President Barack Obama will sign an order banning federal government contractors from discriminating against gay and transgender workers, officials have said.
The executive order follows years of pressure from gay rights groups.
Mr Obama cannot extend the protection to all American workers, however.
The order comes after far broader anti-discrimination legislation stalled in the Republican-led House of Representatives.
The executive order will apply only to federal contractors, which employ nearly one-quarter of the US workforce.
"This is a major step forward in the struggle for freedom and justice for [lesbian, gay, transgender and "queer"] workers and their families," Rea Carey, executive director of the National Gay and Lesbian Task Force, said in a statement. "Now millions of people will have the economic security they need to provide for their families."
The Employment Non-Discrimination Act (Enda) passed the Democratic-controlled US Senate last year but has since languished in the House amid ongoing partisan political gridlock.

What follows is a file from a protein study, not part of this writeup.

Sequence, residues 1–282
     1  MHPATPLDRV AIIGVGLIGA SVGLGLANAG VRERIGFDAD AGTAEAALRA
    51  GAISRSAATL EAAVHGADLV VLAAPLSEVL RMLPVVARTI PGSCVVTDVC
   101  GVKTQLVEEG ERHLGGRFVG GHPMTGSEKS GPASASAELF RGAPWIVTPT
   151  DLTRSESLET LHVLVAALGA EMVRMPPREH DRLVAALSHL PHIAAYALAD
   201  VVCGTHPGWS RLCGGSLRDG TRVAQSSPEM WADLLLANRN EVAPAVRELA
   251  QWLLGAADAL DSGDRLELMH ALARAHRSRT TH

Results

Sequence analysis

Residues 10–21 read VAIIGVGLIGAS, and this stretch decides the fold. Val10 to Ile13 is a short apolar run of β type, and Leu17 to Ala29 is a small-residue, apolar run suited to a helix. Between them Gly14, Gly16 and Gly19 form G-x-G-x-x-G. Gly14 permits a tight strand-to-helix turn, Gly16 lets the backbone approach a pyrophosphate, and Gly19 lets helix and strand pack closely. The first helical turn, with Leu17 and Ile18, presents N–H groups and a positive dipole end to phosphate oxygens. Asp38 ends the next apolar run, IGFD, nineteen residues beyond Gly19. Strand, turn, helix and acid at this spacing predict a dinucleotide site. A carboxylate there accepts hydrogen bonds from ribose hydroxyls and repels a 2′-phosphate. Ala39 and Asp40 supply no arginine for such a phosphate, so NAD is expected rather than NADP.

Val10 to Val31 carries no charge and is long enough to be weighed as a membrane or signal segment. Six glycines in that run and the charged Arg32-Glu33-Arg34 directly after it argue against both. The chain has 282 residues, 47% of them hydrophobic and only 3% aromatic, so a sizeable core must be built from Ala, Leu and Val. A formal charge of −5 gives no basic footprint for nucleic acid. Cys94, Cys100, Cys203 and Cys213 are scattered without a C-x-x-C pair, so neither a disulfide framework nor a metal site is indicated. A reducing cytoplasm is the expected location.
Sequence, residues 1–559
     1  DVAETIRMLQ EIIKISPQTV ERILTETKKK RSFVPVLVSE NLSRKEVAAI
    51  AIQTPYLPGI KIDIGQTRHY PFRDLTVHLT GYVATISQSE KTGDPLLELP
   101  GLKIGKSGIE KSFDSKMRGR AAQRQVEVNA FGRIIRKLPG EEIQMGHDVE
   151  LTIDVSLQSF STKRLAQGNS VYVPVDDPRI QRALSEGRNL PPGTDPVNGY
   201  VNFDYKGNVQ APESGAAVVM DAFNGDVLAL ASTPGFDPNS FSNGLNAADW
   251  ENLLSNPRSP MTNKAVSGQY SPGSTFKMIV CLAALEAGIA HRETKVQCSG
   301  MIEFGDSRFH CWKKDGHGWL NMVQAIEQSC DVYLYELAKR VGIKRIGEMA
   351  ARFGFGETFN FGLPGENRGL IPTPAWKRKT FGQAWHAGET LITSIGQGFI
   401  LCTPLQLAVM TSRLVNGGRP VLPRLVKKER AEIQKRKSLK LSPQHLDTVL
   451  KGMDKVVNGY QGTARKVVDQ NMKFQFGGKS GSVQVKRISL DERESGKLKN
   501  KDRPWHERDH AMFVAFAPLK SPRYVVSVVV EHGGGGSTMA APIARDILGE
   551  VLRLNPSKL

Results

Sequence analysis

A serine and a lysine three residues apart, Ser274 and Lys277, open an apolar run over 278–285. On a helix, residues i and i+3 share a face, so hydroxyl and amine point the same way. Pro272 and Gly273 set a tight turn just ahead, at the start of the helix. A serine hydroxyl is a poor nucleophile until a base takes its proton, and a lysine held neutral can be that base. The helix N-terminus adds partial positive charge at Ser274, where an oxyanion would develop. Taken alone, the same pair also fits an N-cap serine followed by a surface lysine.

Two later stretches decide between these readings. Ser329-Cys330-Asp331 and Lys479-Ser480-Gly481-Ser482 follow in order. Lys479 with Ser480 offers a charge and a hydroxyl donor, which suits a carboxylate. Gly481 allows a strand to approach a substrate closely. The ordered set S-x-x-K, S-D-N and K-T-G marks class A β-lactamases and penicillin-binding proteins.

That legislation would bar employers with 15 or more workers from making employment decisions – hiring, firing or compensation – based on sexual orientation or gender identity.
Mr Obama urged the House of Representatives to pass the bill in November, saying it had "the overwhelming support of the American people, including a majority of Republican voters, as well as many corporations, small businesses and faith communities".
"One party in one house of Congress should not stand in the way of millions of Americans who want to go to work each day and simply be judged by the job they do," he added, addressing House Republicans.
But Republican House Speaker John Boehner opposes the bill, arguing it could lead to lawsuits and hinder job creation.
Mr Obama has used the power of the executive order before, once raising the minimum wage for federal contractors and also expanding the number of workers eligible for overtime pay.
There is currently no word on when Mr Obama plans to sign the order, but a White House official told US media the president had asked his staff to prepare the order for his signature.
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